The gaming-heavy state became the 31st to legalize sports gambling but the industry is waiting for bigger prizes like California, Texas and Florida.
Sports bettors in Massachusetts will soon be able to ditch their local bookie for a legal sportsbook. Governor Charlie Baker signed the Massachusetts Sports Wagering Act into law on Wednesday, making the Bay State the 31st in the nation to legalize gambling.
“Our administration first filed legislation to legalize sports wagering in the Commonwealth several years ago, and I am glad to be able to sign this bill into law today,” Gov. Baker said in a statement. “We appreciate the dedication and compromise that the Legislature demonstrated on this issue, and we look forward to supporting the work of the Massachusetts Gaming Commission on the responsible implementation of the law over the next several months.”
The Massachusetts Sports Wagering Act was not a sure bet this year. It passed the state senate by 36-4 after elected officials pulled an all-nighter during the last legislative session of 2021-2022. For two years, state lawmakers could not agree on a bill and up until the end of July, Gov. Baker openly discussed how it might not make it to his desk. Now that the bill has become law, the state’s Gaming Commission will begin working on the implementation and licensing—a process that is expected to take months.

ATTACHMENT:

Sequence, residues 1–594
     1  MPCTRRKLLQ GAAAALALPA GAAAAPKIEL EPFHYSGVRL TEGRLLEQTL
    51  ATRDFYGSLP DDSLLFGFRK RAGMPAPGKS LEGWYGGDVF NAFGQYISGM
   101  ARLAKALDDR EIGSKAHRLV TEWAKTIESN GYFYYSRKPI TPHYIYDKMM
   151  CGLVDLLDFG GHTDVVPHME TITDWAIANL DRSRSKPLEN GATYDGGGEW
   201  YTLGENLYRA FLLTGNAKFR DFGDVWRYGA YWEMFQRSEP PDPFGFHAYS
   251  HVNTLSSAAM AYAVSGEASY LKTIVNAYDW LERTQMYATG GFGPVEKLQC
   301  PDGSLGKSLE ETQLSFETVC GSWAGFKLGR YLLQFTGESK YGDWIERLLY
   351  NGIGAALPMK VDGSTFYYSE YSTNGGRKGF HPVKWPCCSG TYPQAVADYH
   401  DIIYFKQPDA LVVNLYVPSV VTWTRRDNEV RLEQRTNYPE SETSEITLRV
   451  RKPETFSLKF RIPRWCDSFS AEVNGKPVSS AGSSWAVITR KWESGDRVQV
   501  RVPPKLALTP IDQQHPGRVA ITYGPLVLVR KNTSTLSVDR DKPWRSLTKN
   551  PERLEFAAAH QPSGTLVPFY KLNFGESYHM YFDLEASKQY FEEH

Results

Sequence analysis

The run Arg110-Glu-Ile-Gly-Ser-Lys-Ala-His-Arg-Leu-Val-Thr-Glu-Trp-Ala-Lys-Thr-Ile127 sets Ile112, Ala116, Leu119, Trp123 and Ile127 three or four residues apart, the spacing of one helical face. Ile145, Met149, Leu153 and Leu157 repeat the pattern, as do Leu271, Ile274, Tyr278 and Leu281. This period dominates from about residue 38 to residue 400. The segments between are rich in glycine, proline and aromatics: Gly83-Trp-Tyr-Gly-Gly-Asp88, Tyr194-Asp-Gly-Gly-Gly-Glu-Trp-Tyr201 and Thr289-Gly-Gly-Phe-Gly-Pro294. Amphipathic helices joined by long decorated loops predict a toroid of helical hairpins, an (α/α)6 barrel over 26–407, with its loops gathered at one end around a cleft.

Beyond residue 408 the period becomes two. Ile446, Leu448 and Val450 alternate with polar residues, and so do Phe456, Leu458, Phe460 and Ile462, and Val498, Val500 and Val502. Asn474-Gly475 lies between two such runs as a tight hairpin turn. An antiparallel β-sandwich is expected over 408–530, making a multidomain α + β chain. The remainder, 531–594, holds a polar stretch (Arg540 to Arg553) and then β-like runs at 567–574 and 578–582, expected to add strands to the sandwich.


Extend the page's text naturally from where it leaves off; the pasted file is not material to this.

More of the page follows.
Lawmakers estimate that legal sports betting will bring in $60 million in annual tax revenue, thanks to a 15% tax on in-person sports wagers and a 20% tax on mobile betting. Once companies are licensed, betting can take place at brick-and-mortar casinos, horse tracks, and via mobile apps. The state’s Gaming Commission will regulate the industry and is allowed to license up to seven companies that do not already have a casino presence in Massachusetts. The state expects to generate up to $80 million in licensing fees, which must be renewed every five years.